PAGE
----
Moldy Corn a Risky Ingredient for HorsesBy Kentucky Equine Research Staff · October 11, 2010
Farmers across the Midwest struggled last year to harvest their crops in what turned out to be an unseasonably wet autumn. These conditions led to reports of widespread mold in this year's corn crop. Moldy corn is a hazard for all species of livestock, but horses are particularly sensitive to certain toxins produced in moldy corn.
Fumonisin is a toxic substance produced by at least two species of fungus–Fusarium verticillioides (an older synonym is moniliforme) and Fusarium proliferatum–that grow on corn. Unlike some fungus or mold species that cause problems in stored grain, fusarium grows on corn plants before they are harvested. Stress from weather or insect damage can make plants more susceptible.
In wet growing seasons or areas with high humidity, close to 100% of the plants may be affected.
The effects of fumonisin contamination are considerably more hazardous to horses than other livestock. When fed corn contaminated with fumonisins for a period of several days to a few weeks, horses are at risk for the neurological syndrome equine leukoencephalomalacia (ELEM), also known as blind staggers or moldy corn poisoning.
The first sign of ELEM is reduced feed intake, which is typically followed by a battery of neurological symptoms: disorientation, head pressing, ataxia, hyperexcitability, blindness and depression, among others. Once neurological symptoms are expressed, ELEM is generally fatal. Pathological examination typically reveals softened and liquefied cerebral hemispheres as well as muscular melting with accompanying cardiac failure.
In 2001, the U.S. Food & Drug Administration recommended that total fumonisins should not exceed five parts per million in horse feed and that corn should make up no more than 20% of the nonforage portion of the diet.
Corn that has been exposed to optimal growing and harvesting conditions may have very little fumonisin contamination. On the flip side, corn with extensive water and insect damage might have individual kernels that register a fumonisin level of 700 ppm or more. Because moldy kernels tend to break easily, corn screenings are likely to contain high levels of fumonisin and should never be included in horse feed.
Feed manufacturers that sell corn directly to horse owners or sell horse feed containing corn should conduct grain testing to ensure that fumonisin levels are well below detrimental levels.
Fumonisin-contaminated corn kernels may or may not reveal contamination on visual appraisal. Infected kernels are often off-colored, exhibiting a salmon or red discoloration on the kernel cap. White streaks radiating from the tops of kernels, called starbursting, is another sign indicative of fusarium infection. Other fungi may cause similar signs, so definitive testing should be conducted.
The black light test commonly used to find other mycotoxins in grain does not detect fumonisin. High-performance liquid chromatography screening, available through many universities and commercial laboratories, is routinely used for fumonisin detection.
There are a number of ingredients that can be substituted for corn in horse feeds if a safe supply of corn is unavailable. Which ingredients are selected as replacements will depend on availability, price, and the intended use of the product.
Typically, corn is added to a formula as a source of energy, so the energy density of replacement ingredients is an important consideration. The table lists the most common replacement ingredients for corn in horse feeds.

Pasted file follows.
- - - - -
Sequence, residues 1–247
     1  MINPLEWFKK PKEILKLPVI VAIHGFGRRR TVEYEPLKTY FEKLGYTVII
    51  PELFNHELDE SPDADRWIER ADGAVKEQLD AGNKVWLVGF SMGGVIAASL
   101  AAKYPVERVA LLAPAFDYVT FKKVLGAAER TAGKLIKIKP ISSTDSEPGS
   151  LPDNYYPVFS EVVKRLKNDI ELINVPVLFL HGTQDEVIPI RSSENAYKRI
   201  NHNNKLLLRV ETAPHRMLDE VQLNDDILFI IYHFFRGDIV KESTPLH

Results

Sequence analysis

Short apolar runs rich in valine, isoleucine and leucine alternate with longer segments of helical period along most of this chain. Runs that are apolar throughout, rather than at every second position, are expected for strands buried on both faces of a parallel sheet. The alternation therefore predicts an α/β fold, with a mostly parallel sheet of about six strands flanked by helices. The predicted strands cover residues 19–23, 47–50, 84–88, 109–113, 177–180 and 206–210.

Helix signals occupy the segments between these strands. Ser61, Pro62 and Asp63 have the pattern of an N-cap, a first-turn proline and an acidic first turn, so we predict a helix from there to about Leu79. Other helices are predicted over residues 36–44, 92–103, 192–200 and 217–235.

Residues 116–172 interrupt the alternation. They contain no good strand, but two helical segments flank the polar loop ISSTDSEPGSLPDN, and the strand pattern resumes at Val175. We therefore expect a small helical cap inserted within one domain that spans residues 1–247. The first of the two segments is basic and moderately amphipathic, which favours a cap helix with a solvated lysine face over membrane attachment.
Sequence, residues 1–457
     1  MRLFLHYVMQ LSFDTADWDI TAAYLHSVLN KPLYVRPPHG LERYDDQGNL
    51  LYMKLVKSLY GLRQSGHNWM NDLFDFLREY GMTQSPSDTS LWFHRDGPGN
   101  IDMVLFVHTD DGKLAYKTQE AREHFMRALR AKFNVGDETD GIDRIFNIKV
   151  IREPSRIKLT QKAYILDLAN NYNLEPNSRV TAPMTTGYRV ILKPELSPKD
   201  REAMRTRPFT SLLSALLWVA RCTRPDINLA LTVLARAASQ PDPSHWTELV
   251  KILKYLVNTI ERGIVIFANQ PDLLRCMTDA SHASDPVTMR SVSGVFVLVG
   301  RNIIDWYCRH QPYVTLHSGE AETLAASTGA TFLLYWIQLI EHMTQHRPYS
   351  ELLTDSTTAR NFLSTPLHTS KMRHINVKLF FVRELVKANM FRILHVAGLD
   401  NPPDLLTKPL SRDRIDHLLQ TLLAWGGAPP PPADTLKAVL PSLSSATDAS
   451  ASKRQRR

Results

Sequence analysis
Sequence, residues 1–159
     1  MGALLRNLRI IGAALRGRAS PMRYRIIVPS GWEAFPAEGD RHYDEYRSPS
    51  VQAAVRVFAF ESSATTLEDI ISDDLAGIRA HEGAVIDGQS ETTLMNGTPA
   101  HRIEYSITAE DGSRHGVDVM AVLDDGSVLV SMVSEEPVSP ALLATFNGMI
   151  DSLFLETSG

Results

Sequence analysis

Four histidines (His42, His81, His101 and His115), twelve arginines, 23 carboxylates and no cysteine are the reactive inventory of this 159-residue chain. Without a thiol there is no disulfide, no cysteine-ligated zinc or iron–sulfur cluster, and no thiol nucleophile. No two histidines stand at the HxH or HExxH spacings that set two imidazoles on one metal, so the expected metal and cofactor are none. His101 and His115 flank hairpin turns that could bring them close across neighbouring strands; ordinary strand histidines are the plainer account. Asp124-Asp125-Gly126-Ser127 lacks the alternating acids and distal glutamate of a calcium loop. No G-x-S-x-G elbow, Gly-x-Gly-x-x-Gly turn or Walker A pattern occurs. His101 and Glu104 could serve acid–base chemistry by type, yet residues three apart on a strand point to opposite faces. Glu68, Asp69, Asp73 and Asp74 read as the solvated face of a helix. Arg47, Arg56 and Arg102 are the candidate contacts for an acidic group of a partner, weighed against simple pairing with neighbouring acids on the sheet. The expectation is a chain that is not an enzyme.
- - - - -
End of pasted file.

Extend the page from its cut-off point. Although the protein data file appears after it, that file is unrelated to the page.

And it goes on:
Oats would be the first choice as a replacement grain for corn. Since oats are lower in nonstructural carbohydrates and higher in neutral detergent fiber, they tend to be about 85% as energy dense as corn. The starch in oats, however, is much more digestible than corn starch, so it does not necessarily require processing. Direct substitution of oats for corn as 25% of a feed formula will result in a decrease in energy density of about 0.07 Mcal/lb. Adding a small amount of extra vegetable oil (1.6%) will make the formulas isocaloric.
Barley is another cereal grain that is commonly used as a substitute for corn. Barley is closer to having the energy density of corn and can, therefore, be used as a one-to-one replacement for corn in a formula. However, raw barley starch is poorly digested by horses, so it should be steam rolled before being used in horse feed. It should be noted that barley can also be contaminated with fusarium toxins, and barley supplies, particularly from the Mid-Atlantic States, should also be tested.
Wheat middlings can also serve as a replacement for corn. Wheat middlings are typically about as energy dense as oats, but they are considerably higher in protein than corn, so it may be necessary to adjust the other protein sources if wheat middlings are the sole replacement ingredient used. Additionally, wheat middlings need to be added to the pelleted portion of a horse formula since they create too many fines when added to a loose mix.
There are also two noncereal replacement ingredients for corn. Sugar beet pulp is a byproduct of the sugar beet industry made by drying the residual pulp after the sugar has been extracted. It contains a high percentage of fermentable fiber, and its digestible energy content is 81% of corn. Beet pulp shreds can be added to a loose mix, but they should be coated with molasses and/or vegetable oil to reduce the possibility of horses choking.
Soy hulls, which are the seed coat of the soybean, are another source of highly fermentable fiber. Soy hulls contain around 74% of the digestible energy found in corn. They should be added to the pelleted portion of a horse feed.
Corn remains a staple ingredient in feed formulations, but alternate energy sources can be used if safe supplies are not available.